Black Lives Matter Moves from Protest to Action for Athletes

Tokyo 2020 Olympics – Soccer Football – Women – Semifinal – United States v Canada – Ibaraki Kashima Stadium, Ibaraki, Japan – August 2, 2021. Nichelle Prince of Canada takes a knee before the match REUTERS/Mike Segar

The Black Lives Matter (BLM) movement marched on in 2021 but to the beat of a quieter drum as they moved from protest to action, implementing some of the change athletes helped put in the spotlight.

From tennis courts to soccer pitches and Formula One starting grids, athletes took their protests into the living rooms of sports fans around the world in 2020. Still, this year it was away from the arenas and stadiums and in the boardrooms where BLM attempted to make an impact.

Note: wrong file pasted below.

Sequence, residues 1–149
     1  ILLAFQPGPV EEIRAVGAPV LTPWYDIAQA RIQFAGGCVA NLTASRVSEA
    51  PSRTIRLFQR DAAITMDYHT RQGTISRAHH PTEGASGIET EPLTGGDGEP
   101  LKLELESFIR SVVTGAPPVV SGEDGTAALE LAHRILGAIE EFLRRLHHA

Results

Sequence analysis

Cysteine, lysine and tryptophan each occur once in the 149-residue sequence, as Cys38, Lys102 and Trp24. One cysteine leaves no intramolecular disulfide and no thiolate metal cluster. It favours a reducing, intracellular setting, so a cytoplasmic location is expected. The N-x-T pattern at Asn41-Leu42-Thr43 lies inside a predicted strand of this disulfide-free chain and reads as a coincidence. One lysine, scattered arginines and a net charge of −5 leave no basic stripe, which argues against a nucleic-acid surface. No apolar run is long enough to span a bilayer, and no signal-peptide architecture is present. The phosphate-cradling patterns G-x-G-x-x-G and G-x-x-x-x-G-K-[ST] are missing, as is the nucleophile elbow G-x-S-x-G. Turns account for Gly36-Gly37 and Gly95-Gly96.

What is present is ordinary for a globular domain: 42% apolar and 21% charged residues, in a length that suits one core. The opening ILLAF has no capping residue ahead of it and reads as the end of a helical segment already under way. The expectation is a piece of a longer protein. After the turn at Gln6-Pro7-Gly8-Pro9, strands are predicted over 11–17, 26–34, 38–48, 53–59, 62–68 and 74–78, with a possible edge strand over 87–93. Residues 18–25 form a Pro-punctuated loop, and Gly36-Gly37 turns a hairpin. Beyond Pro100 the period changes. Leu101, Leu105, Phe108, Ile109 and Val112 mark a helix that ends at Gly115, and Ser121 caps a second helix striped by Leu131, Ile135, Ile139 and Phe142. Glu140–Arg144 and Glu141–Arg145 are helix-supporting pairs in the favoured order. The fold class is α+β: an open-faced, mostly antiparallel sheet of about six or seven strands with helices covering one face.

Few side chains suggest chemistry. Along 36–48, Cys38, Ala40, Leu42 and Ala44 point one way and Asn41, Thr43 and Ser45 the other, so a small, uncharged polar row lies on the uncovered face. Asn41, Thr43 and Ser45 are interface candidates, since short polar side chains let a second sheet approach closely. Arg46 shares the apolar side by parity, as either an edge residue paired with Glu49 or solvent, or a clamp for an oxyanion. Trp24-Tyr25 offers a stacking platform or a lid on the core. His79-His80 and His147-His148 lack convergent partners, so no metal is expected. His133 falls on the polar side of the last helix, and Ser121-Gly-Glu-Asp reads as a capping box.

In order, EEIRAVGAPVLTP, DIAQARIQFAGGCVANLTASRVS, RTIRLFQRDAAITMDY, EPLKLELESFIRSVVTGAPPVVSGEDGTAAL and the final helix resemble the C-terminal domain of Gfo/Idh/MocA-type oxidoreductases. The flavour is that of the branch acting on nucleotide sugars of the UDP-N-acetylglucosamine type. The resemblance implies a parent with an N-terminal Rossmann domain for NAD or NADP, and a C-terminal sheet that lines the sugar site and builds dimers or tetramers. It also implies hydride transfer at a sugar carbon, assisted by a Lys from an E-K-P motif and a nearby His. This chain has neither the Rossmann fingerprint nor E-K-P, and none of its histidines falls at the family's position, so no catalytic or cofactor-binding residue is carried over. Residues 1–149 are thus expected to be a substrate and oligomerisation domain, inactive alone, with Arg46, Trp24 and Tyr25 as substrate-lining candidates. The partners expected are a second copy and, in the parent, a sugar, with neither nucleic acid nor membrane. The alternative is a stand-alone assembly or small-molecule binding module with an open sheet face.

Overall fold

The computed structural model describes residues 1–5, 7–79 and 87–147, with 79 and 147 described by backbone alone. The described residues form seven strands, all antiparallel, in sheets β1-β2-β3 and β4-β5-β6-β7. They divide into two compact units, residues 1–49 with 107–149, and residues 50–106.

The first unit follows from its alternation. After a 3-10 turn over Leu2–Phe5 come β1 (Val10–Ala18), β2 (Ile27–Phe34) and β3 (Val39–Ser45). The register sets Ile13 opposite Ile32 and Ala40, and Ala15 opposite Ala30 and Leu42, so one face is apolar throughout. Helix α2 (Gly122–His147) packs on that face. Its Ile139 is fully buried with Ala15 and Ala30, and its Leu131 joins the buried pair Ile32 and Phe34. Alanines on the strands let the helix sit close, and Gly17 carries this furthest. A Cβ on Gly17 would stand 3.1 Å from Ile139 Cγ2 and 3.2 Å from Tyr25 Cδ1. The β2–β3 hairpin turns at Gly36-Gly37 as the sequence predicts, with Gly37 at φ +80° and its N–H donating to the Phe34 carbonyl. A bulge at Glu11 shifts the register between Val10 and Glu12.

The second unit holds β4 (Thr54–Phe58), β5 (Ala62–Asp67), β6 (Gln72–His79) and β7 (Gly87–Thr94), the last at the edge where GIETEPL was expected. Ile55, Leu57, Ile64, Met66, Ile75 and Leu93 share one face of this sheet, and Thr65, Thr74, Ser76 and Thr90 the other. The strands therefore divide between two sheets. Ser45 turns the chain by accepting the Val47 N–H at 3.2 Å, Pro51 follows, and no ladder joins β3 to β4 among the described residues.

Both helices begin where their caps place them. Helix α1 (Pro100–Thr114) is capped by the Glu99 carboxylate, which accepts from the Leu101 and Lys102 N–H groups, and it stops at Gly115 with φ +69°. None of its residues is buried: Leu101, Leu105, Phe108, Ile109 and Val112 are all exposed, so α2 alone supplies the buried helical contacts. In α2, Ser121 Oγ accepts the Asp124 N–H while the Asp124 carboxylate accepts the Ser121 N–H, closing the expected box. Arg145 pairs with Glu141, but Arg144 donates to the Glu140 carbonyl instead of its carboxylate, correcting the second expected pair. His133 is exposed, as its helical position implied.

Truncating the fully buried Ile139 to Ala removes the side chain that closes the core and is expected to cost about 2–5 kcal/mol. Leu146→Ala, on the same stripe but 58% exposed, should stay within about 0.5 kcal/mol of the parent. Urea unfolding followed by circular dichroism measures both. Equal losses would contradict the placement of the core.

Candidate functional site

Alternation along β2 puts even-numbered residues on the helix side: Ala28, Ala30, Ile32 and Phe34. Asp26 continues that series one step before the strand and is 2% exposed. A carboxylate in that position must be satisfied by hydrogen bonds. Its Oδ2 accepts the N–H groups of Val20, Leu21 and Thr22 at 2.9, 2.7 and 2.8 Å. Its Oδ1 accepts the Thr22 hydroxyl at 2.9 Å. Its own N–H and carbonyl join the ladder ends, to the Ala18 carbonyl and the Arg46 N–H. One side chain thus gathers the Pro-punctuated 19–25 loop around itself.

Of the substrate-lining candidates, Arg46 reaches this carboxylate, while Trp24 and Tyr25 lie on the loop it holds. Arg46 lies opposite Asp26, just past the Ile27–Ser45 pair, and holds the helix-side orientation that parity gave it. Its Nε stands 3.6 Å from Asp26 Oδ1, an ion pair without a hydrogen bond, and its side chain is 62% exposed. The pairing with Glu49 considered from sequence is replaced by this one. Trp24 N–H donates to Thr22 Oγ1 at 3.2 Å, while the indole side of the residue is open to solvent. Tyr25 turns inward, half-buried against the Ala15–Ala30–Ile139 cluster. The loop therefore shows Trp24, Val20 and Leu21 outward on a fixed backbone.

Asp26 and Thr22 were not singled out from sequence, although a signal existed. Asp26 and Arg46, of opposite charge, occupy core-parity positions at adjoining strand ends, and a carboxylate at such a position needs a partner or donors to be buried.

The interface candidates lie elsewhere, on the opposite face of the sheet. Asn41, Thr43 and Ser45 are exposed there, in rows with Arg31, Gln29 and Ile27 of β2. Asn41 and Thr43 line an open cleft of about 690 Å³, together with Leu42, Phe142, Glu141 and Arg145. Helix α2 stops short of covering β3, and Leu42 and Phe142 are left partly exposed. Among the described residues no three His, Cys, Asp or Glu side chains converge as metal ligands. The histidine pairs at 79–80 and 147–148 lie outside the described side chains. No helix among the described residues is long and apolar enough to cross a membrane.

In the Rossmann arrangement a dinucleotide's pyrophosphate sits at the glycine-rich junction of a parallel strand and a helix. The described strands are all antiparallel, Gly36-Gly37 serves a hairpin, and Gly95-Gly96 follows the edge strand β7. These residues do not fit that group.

If any league or team in North America did not have a diversity and inclusion department last year, most did in 2021, pressured by athletes and fans to develop plans to address social justice issues.

“What we are trying to do is position our league as a league for the new America,” said Major League Soccer commissioner Don Garber, making diversity a central plank in his annual state-of-league address. “We all have to have an awakening of what happened over the last year and ensure we are doing our part.

“Our diversity hiring initiative is bold, it’s not going to be easy but it is our attempt at making a difference.”

Athletes worldwide rose up in 2020 by joining together to show their outrage over racial injustice triggered by the death of George Floyd, a Black man gasping for air and calling for his mother as a white police officer knelt on his neck for nearly nine minutes.